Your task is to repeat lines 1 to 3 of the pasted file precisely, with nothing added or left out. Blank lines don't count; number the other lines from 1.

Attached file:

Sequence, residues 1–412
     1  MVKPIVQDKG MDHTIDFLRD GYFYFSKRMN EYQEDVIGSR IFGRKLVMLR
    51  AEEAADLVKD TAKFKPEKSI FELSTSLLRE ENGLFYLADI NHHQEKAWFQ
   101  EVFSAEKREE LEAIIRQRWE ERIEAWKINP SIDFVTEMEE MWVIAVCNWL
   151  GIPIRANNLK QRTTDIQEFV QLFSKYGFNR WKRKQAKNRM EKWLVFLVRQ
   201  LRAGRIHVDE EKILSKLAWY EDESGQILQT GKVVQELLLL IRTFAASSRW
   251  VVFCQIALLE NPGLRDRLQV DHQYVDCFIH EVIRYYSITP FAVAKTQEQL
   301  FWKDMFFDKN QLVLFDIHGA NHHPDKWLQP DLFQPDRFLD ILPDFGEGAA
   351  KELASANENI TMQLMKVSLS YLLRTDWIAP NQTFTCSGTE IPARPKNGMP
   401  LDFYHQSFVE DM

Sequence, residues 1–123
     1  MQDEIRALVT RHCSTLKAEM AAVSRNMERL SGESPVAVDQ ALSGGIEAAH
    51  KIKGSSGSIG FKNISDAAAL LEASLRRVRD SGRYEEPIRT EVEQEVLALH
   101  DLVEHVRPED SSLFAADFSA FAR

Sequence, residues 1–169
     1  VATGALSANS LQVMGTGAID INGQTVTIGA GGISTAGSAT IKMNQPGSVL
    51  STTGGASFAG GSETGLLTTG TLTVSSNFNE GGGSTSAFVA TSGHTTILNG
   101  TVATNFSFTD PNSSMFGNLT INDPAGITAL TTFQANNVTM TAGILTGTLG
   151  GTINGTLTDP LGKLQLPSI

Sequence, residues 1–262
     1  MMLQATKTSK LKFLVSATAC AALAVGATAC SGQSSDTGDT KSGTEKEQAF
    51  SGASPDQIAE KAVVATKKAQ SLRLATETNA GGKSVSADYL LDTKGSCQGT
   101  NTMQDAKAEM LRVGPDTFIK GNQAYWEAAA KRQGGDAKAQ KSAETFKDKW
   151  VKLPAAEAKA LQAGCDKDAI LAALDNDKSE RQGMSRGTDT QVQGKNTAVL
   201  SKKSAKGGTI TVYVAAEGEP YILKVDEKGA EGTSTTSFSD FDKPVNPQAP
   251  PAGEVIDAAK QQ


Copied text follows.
Sequence, residues 1–412
     1  MVKPIVQDKG MDHTIDFLRD GYFYFSKRMN EYQEDVIGSR IFGRKLVMLR
    51  AEEAADLVKD TAKFKPEKSI FELSTSLLRE ENGLFYLADI NHHQEKAWFQ